Prompt screenings and earlier fibrosis treatments can benefit hepatitis C patients.
Healthcare providers may be wasting their resources on healthcare initiatives focused on screening at-risk populations for specific diseases if comprehensive chronic disease management programs are not in place for the same conditions, reported a new study in The American Journal of Managed Care.
Researchers revealed that there would be an $824 billion increase in social value if more individuals were screened for hepatitis C virus (HCV) infection, and if those infected patients received fibrosis treatment in the beginning stages of the condition.
When diagnosed patients received treatment in the last two stages of the disease, the net social value decreased to $0.68 billion despite expanding screening policies.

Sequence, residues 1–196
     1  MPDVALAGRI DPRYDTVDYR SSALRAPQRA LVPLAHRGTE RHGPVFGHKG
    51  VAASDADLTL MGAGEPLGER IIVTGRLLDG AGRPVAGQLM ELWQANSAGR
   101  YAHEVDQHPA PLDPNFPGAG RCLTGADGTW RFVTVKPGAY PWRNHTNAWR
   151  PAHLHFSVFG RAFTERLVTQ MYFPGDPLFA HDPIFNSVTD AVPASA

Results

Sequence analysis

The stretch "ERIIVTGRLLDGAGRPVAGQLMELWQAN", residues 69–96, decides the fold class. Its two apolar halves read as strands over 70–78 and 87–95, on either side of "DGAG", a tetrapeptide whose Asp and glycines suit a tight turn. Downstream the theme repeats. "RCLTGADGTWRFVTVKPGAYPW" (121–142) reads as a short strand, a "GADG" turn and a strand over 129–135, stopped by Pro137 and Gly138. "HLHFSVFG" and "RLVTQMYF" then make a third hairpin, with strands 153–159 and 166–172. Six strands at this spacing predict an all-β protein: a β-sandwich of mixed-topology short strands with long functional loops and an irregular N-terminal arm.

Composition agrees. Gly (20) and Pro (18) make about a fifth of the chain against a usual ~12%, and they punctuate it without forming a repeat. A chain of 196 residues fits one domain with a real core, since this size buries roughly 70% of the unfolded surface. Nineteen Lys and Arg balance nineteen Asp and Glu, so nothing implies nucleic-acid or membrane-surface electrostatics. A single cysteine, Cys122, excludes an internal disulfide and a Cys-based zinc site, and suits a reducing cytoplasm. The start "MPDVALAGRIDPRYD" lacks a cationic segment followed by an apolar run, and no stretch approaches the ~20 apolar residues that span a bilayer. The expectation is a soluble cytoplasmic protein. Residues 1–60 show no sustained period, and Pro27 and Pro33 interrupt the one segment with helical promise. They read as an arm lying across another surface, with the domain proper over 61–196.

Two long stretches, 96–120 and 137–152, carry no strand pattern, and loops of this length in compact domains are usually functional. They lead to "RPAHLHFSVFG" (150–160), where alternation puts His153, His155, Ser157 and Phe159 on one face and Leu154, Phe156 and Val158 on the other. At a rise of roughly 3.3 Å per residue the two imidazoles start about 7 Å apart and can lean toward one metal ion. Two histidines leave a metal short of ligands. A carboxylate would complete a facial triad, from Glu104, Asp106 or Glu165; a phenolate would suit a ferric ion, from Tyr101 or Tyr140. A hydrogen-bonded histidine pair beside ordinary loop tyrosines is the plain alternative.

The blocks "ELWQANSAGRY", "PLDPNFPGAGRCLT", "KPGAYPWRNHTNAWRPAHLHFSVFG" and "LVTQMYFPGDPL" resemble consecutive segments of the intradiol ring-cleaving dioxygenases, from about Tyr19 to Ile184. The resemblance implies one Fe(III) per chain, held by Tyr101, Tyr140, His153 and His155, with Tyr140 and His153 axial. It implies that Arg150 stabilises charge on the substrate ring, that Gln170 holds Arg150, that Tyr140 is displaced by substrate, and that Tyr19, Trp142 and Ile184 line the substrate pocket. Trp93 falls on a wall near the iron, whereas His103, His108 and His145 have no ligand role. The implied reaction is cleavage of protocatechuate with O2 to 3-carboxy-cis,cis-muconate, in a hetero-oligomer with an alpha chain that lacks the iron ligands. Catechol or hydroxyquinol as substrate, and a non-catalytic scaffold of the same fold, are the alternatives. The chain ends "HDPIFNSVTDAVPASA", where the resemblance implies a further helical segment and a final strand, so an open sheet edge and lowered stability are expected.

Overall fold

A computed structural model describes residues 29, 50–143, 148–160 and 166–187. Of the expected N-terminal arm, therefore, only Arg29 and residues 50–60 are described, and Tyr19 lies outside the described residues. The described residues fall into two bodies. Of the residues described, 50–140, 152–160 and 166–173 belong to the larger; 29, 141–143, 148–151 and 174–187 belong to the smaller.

“Increasing screening for HCV [hepatitis C virus] infection may generate considerable value for society, but only when paired with access to treatment at earlier stages of the disease,” stated the study. “This result highlights the importance of implementing policies to ensure patients who receive an HCV-positive diagnosis remain in the healthcare system until they receive treatment and achieve SVR [sustained virologic response].”
Even though an estimated 3.5 million individuals are living with chronic HCV infection in the US, about 50 to 75 percent of infected individuals are still not screened for the condition until serious symptoms develop in the later stages of the disease.
Read Full Article: Early Screenings Boost Hepatitis C Chronic Disease Management
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